- Six have GM’d games in which I was involved, (five of the men and me).
- Nine of these have substantial LARP experience, and most people met each other through that experience. Of those, five still play LARP at least monthly, and one of them runs the biggest (and most successful) LARP in Toronto.
- Only one of those people is new to gaming in the last fifteen years or more.
- Eight have played around in new fangled hippy systems or hybrid concepts and seven play there in a fairly regular basis.
- Two play CCG’s competitively. Three more play occasionally, and two more have played frequently in the past.
- All of them, save one loves them the boardgames.
- None of them came out of a history of war gaming, only three of them have played any at all, and of them none play with any regularity.
- Two are heavily into MMORPGS
- About half have extensive online MU** experience.
- Only two of us have a voice in any online forum, blog or community that centers around gaming (can you guess which two?) and only two more even occasionally read anything on said forums.
On the games:
- The games I’ve played in the last five years with these eleven folks: Dogs in the Vineyard (4 games), Exalted (4 games), Unknown Armies(3 games), Crime & Punishment (2 games), Tribe 8, Truth & Justice, Witchcraft, My Life with Master, The Shadow of Yesterday, 7th Sea, Breaking the Ice, Mage: the Awakening, Buffy, Nine Worlds, and Nobilis.
- Eight of these games (four of the Exalted games, two of the Unknown Armies Games, the Truth and Justice game, and the 7th Sea game) represent the majority of my gaming time, were/are very involved games running anywhere from 1-4 years in length with sessions averaging 5-6 hours. Most of those were played either weekly or biweekly.
- Six of them (The Mage game, one Dogs game (still playing), one Unknown Armies game, the Nobilis game and the Tribe 8 game, Witchcraft) were mid-length games that had 4-15 episodes of play at an average of 3-6 hours per session played over a year and a half.
- The rest (TSOY, MLWM, BtI, Buffy, Nine Worlds, the other Dogs games) were all in the 1-3 episode range, and were either meant to be one offs (MLWM, BtI, one DitV), short plays (Buffy, one DitV game) or just didn’t work for us (Nine Worlds). The sessions would range anywhere from 2-6 hours in length. The two C&P games were, obviously, playtests.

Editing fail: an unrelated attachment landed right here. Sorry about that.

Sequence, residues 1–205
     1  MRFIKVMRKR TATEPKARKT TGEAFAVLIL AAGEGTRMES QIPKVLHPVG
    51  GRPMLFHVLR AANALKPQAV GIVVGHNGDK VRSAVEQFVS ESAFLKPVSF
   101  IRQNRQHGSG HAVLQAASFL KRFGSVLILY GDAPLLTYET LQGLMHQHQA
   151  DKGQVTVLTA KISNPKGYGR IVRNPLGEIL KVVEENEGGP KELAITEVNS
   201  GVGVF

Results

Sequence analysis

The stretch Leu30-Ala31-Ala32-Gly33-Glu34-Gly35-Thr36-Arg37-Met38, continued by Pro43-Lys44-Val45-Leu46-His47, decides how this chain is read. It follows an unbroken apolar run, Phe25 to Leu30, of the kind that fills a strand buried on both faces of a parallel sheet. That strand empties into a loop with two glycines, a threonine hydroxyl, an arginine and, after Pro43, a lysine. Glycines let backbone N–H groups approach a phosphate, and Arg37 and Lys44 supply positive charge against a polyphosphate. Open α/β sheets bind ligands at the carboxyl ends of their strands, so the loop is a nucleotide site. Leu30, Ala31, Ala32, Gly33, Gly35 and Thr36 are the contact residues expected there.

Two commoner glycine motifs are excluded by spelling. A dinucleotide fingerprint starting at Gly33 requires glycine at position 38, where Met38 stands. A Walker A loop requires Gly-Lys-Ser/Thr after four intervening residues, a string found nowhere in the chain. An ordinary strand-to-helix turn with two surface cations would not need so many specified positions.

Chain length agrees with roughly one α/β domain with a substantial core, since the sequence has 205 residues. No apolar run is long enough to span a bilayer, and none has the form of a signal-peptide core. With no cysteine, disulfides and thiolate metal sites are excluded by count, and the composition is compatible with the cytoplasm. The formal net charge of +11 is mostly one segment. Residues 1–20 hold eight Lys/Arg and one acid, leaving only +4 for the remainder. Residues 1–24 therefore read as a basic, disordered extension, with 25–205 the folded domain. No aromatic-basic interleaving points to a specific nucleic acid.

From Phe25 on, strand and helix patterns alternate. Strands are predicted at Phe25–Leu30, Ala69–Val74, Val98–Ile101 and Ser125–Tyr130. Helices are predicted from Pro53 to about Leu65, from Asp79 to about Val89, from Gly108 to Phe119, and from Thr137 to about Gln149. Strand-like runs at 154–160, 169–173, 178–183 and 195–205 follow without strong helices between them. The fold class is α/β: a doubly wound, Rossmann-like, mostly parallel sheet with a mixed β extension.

- None of these games were based on pre-written campaign adventures.
- Several of the long run games were shifted or hybridized to change the dynamics of the game or suit the social contract at the table.
- All of the long run games, and most of the mid run games were very dynamic. Most told epic stories and had evolving characters that faced brutal challenges. Most of the stories had a novel-like structure with the longest of the games being serial novels. Their stories were, full, evolved, and well developed stories, each having a beginning middle or an end. The longest ones had multiple beginnings middles and ends, and felt kind of like like trilogies (quadrilogies, whatever). Of those games that are considered over, most of them ended at a completion point, rather than falling apart or abruptly ending mid-stream.
So as not to discount their experiences with me, I should say that there is another half dozen folks that I have played with virtually, in this time. In these cases, we come together to play TT games in a virtual environment, rather than coming together to play a game that exists virtually (like a MUSH or a MMORPG). I have also played in pick up, one-shot games with approximately a dozen other people in the last couple of years. These kinds of games do not form the bulk of my gaming time (as I know that they do for some) and so do not have nearly as much impact as my other body of games.
If you’re up for it, I challenge you to take stock of your own gaming census and post it in your own blogs or forums, to give others a better sense of where you’re coming from.